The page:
As I heard Sports Illustrated's Chris Mannix (super-cool name, by the by) go on Dan Patrick's show and totally roast David Stern for nixing the trade that would have sent Chris Paul to Los Angeles, for a whole bunch of players and a draft pick, I started to wonder--"Sure, man, the lamestream media are all over Stern, but that's because they are in the pockets, of, I don't know, Cleveland Cavaliers owner Dan Gilbert, who is always super media savvy and is known for his measured, thoughtful responses to bad news"
Some quick background, in case you haven't been following closely--the New Orleans Hornets had their owner, George Shinn say, essentially, "I can't run or own this team anymore, and I can't find a buyer." So the NBA, as an organization, gave him some money and let him walk, and they are now in charge of the Hornet's operations. Chris Paul, the only legitimate star on the Hornets has made it clear that he wants to leave that particular shitbox of a situation. The Lakers, Rockets and Hornets put together a deal--a pretty fair deal, according to most outside observers. Stern vetoed it.
And let's be clear--Mannix was fired up on Patrick's radio show. He was most definitely ranting. He's a bit more measured in his written piece, but it is still clear that he thinks that Stern made a massive mistake--you can tell, because he argues the only thing to do is reverse the decision: "The only recourse for Stern is to flip, issue a mea culpa and sign off on the deal. The consequences are enormous if he doesn't. One of the smallest of small-market teams will crumble. Paul will wither under the daily scrutiny of an insatiable media that will feed on speculation about his future. An already lukewarm fan base will turn away in droves, making New Orleans Arena a hollow, depressing tomb. This is David Stern's mess now, and he is the only one who can clean it up."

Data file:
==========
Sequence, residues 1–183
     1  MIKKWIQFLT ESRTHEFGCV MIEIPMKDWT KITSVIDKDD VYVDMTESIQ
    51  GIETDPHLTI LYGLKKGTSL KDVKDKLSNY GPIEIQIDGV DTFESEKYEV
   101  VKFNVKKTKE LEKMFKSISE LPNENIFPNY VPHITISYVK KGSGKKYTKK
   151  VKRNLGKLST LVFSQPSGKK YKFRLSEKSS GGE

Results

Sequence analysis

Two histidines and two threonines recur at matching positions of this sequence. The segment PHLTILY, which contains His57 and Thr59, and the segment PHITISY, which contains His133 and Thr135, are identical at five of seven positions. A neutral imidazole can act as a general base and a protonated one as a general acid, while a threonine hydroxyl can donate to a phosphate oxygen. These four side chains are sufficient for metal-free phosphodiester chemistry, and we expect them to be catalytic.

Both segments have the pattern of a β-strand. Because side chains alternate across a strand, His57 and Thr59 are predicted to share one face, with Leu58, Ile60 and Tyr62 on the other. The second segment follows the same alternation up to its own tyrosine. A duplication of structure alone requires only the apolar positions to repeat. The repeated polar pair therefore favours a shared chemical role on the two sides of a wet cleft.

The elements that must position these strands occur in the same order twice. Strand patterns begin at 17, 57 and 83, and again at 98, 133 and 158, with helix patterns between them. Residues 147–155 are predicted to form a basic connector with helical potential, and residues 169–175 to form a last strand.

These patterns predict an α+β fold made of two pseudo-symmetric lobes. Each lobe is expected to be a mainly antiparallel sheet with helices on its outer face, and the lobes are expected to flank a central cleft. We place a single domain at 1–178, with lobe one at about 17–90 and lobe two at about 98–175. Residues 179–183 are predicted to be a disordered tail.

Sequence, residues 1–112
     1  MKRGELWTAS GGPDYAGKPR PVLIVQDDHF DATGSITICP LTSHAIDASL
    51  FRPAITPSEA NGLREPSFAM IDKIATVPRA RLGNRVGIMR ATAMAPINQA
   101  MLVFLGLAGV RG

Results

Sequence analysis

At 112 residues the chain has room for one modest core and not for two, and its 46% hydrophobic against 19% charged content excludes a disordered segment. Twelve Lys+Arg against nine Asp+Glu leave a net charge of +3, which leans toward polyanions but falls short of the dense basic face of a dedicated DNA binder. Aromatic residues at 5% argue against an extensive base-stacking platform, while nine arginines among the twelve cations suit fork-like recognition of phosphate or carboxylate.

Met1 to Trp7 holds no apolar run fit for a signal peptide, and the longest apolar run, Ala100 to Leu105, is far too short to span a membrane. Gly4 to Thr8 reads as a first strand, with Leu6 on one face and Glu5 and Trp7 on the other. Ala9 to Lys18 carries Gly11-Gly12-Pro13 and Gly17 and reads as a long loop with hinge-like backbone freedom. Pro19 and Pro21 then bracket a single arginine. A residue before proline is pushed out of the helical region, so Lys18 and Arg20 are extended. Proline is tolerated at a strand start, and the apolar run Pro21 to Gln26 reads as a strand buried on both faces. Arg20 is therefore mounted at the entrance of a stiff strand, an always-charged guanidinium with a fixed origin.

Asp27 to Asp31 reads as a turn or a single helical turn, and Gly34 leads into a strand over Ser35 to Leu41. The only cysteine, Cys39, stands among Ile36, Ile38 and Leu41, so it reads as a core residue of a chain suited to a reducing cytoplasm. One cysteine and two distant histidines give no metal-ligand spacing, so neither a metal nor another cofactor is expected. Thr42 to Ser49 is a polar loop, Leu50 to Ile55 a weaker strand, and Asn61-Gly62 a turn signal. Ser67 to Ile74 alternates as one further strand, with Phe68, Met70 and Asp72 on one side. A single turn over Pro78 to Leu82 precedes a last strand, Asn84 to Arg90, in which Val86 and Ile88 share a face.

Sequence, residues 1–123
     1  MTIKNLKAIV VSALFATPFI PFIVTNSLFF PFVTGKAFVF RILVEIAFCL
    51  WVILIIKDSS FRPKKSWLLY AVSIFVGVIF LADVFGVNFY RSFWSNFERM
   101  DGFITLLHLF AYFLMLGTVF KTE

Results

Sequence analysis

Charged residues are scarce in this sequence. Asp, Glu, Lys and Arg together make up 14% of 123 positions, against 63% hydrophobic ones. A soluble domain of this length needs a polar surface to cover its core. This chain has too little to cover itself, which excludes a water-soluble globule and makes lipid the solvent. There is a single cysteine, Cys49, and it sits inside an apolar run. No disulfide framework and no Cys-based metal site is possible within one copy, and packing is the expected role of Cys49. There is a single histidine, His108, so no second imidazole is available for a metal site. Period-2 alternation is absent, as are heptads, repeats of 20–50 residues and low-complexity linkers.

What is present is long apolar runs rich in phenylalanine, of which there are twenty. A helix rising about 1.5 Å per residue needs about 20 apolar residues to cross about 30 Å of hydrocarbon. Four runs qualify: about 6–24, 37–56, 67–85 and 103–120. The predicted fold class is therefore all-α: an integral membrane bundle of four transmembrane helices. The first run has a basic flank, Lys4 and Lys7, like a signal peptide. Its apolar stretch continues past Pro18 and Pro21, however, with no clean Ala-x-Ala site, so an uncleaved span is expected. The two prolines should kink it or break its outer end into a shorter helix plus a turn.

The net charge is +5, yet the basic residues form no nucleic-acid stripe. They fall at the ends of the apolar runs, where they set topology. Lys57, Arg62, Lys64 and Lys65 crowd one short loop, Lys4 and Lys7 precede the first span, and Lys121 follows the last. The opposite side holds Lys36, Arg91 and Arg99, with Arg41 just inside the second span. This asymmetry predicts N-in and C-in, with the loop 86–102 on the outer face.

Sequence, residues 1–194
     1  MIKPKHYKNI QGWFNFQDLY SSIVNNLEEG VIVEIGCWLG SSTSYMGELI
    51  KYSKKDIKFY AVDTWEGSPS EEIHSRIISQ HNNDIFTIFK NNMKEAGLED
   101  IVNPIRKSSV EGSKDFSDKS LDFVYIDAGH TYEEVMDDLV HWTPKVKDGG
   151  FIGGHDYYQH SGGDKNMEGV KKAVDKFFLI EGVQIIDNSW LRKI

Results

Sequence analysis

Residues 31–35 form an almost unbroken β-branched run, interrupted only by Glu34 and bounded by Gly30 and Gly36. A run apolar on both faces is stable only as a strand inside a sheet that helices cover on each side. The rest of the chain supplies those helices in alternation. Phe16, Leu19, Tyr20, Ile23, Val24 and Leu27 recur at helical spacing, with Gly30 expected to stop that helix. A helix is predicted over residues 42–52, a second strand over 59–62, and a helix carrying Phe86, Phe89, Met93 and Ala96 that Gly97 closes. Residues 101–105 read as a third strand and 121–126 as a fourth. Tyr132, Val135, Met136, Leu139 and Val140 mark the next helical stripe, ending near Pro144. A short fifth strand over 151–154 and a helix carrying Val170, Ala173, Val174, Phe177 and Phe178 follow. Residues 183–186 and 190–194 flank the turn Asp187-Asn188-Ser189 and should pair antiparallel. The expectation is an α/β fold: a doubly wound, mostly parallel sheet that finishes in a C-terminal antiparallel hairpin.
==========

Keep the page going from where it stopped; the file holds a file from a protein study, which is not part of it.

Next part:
I said Mannix was kinder in his column than he was on the radio, but then again, this is a wonderfully nasty way of putting things: "An NBA spokesman said the league torpedoed the deal for basketball reasons, which is like saying Herman Cain dropped out of the race because he decided he didn't want to be president."
So yeah, I was thinking--that's what the Sports Illustrated guy thinks, but man--they publish Peter King and Rick Reilly and stuff. What are the iconoclastic contrarians on the Interwebs going to say?
Turns out, they pretty much agree. At least, Tommy Craggs of Deadspin does (Tommy Craggs is making me read Deadspin again--you should read his stuff). And you know why? It was seemingly a pretty damn good deal for the Hornets given the fact that every NBA General Manager and his favorite dog know that the Hornets aren't going to be able to re-sign Chris Paul. You know, seeing as Chris Paul has publicly stated that he doesn't want to be there, but does want to help the team get the most they can for him out of a trade.
Craggs: "The Paul trade was a bad deal for the Lakers and a good one for the Hornets, the small-market team whose BS interests all those angry owners—and Stern, too, as Hornets owner in loco parentis—were supposedly defending. I'm with John Hollinger: The Hornets weren't going to find a better return on Paul than what they would've gotten in the deal (Kevin Martin, Luis Scola, Lamar Odom, Goran Dragic, plus the Knicks' first-round pick), and what little leverage they had in the trade market for Paul has now been shot to hell and gone. The Lakers would've had a great pick-and-roll point guard with no one left to pick and roll with him. Superteam? Bull."
I have got to agree with Craggs and Hollinger mostly on what the Hornets would be getting back. Obviously, the plan for the Lakers was to acquire some big man who actually wants out of Florida, like, say, Dwight Howard, and hope that Paul, Howard and a frankly rapidly aging Kobe Bryant would be able to put together a couple of great years. (It is saying something about this debacle that even Skip Bayless was making some sense--he argued that given the health and age issues that Bryant and Paul have dealt with/are dealing with, he's be worried about calling any collaboration between them a "superteam").
Regardless, the Hornets put together a deal that gave them a bunch of decent players that they could presumably deal again, or use to cobble together a team that would at least be competitive--five players for one player? Can you name the folks on the Hornet's roster that these dudes would be replacing? I can't. I know more starters on the 1998 Hornets Team than I do the 2010 team.
So, in this Holiday Season, a miracle! Sports Illustrated, Dan Patrick, and Deadspin all agree on something--David Stern messed up, but real good, and New Orleans got screwed, in the guise of being protected.